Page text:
According to the International Shark Attack File, ten individuals have been attacked by sharks so far this year along the coasts of North and South Carolina. Six is the average annual number of shark attacks along this two-state coastline.
To reduce the risk of encountering a shark while in the water you should do the following:
• Always swim with a group. Sharks are more likely to attack an individual swimmer.
• Do not wander too far from shore. Doing so increases your vulnerability and places you further from help.
• Avoid going into the water during darkness or twilight hours. This is when sharks are most active and can bring their sensory advantage to bear.
• Do not enter the water if bleeding from an open wound. Use caution if menstruating. A shark’s olfactory ability (sense of smell) is acute. The presence of even small traces of blood from recent minor cuts or bruises may precipitate a shark attack.
• Do not wear shiny jewelry (e.g., bracelet or watch) because the reflected light resembles the sheen of fish scales.
• Avoid waters being used by sport fishermen, particularly if they are chumming or baiting the water to attract fish.
• Avoid waters where there are indications of feeding activity such as diving seabirds.
• Do not assume the presence of dolphins indicates the absence of sharks. Both dolphins and sharks feed on the same prey.
• Exercise caution in cloudy water and avoid uneven tanning and bright colored clothing. Sharks have excellent vision, but lack visual acuity. They can easily mistake a human for natural prey.
• Refrain from excess splashing and do not allow pets into the water because of their erratic movements. Sharks are attracted to motion. They also possess the ability to sense the bioelectric field generated by an animal’s nerves and muscles.
• Exercise caution when swimming in areas between the beach and offshore sandbars or near steep drop-offs. These are prime shark feeding grounds.
What to do if you are approached or attacked by a shark:
• If approached, stay as still as possible.
• If attach is imminent, defend yourself. If bare hands are your only available weapons, concentrate your blows against the shark’s delicate eyes and gills and sensitive snout.
It is believed that a number of environmental factors such as warmer water and drought conditions may be contributing to this increased frequency of shark attacks. Drought conditions have reduced the amount of freshwater influx into coastal waters resulting in higher salinities.
These higher salinity waters are attracting more prey fish such as the large schools of herring spotted close to the North Carolina coast in recent weeks. These and other prey such as baby sea turtles maybe drawing a greater number of sharks closer to shore. The increased incidence of shark attacks is also, in part, a function of the greater number of people entering the water.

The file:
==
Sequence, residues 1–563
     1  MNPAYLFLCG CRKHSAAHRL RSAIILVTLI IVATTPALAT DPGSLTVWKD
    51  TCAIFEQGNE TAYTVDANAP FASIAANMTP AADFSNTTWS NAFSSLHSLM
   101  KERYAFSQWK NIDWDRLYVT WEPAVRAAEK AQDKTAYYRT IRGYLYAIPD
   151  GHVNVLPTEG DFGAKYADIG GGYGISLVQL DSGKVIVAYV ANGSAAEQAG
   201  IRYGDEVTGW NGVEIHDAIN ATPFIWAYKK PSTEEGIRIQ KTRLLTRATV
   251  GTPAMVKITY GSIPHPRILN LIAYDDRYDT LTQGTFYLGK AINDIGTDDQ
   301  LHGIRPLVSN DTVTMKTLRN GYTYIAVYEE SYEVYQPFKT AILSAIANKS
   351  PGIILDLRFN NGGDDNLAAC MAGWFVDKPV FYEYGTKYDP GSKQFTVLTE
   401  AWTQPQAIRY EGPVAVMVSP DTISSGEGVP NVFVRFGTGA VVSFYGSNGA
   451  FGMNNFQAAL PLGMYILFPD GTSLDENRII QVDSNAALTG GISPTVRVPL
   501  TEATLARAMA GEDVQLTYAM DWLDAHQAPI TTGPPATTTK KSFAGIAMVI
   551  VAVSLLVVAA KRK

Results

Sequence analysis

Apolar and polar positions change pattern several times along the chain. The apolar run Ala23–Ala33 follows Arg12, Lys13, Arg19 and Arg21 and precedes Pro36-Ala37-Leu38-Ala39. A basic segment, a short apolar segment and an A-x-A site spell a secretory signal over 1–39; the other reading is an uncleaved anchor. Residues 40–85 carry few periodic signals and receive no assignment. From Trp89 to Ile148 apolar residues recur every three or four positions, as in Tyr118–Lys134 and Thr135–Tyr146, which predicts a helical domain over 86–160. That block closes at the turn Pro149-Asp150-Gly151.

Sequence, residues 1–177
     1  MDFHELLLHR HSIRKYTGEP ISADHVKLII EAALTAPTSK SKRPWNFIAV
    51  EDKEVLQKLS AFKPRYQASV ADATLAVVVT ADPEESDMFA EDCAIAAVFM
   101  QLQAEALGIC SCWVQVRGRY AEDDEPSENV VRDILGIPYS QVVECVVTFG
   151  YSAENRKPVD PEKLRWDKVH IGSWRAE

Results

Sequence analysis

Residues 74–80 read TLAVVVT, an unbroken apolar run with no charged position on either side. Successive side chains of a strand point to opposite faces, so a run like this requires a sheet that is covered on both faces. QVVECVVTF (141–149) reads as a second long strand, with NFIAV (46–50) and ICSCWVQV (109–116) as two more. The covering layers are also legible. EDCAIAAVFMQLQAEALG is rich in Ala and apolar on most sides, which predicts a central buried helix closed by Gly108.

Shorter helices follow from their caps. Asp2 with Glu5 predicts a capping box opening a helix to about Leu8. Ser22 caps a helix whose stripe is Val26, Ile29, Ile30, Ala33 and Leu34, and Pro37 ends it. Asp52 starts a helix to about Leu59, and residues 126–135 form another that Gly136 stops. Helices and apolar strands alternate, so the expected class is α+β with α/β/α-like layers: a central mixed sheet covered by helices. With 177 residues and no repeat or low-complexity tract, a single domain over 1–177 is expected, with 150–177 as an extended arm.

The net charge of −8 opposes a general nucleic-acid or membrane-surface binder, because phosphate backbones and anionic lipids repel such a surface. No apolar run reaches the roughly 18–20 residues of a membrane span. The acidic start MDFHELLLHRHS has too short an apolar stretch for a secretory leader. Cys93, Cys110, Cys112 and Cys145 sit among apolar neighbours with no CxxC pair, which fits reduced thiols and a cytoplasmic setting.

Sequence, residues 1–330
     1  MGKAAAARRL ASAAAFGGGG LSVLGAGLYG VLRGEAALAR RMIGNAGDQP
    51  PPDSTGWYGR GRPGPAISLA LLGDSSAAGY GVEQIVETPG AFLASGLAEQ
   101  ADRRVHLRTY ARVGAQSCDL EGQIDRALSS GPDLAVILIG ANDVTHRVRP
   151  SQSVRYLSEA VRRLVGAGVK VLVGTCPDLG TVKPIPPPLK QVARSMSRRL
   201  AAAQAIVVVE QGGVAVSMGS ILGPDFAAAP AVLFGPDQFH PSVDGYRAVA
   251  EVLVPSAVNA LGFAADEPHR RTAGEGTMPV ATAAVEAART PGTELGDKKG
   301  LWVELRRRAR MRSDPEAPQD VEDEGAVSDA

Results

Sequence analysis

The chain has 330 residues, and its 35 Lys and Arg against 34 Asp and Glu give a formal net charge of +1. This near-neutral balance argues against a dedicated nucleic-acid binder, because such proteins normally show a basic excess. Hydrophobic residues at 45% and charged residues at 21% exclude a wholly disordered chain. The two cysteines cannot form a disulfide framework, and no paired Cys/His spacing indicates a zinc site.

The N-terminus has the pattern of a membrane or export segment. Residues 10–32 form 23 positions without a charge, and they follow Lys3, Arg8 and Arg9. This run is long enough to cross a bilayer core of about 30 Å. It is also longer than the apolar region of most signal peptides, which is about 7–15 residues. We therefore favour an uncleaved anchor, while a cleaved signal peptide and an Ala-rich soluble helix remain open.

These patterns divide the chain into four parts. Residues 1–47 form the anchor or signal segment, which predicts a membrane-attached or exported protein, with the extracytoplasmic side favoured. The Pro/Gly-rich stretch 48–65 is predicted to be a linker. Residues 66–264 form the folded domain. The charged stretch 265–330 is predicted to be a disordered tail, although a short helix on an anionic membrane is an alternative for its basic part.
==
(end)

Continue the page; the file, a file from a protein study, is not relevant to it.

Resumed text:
Most shark attacks occur between the beach and offshore sandbars or areas with steep drop-offs. These are the areas where sharks congregate to feed on their natural prey.
An individual’s chance of being attacked by a shark in the United States is 1 in 11.5 million. The probability of being killed by a shark is less than 1 in 264.1 million. Annually there are more deaths in this country resulting from lightning strikes (average 38) than from shark attacks (average less than one). When on the beach, one has a significantly greater chance of dying from drowning or cardiac arrest than from shark attack.
There are two types of shark attacks: provoked and unprovoked. Provoked attacks occur when an individual touches, pokes, teases, spears, hooks, nets or otherwise aggravates the shark. Conversely, unprovoked attacks are initiated by the shark.
There are three categories of unprovoked attacks:
• Hit-and-run attack. This is the most common type of attack. It typically occurs in areas of poor visibility such as the surf zone or in murky water. In most cases the attack is believed to be the result of mistaken identity. The shark confuses the victim for its natural prey, inflicts an exploratory bite, and then quickly leaves. Some of these attacks may also be due to territorial or dominance behaviors unrelated to feeding. The victim typically does not see the shark and the injury is usually confined to non-fatal lacerations on the leg below the knee.
• Sneak attack. This is the most fatal type of attack, usually involving swimmers or divers in near shore or deeper waters. The attack occurs without warning and is believed to be the result of feeding or antagonistic behaviors. The victim does not see the shark coming and typically sustains multiple severe bite wounds. Repeat attacks are common.
• Bump-and-bite attack. This type of attack also involves swimmers or divers in near shore or deeper waters. The shark circles and often bumps the victim before finally attacking. Repeat attacks are common and bites can be severe or fatal. This type of attack is also believed to be the result of feeding or antagonistic behaviors.
—Submitted by Barry Shedrow
SIPOA Environmental Committee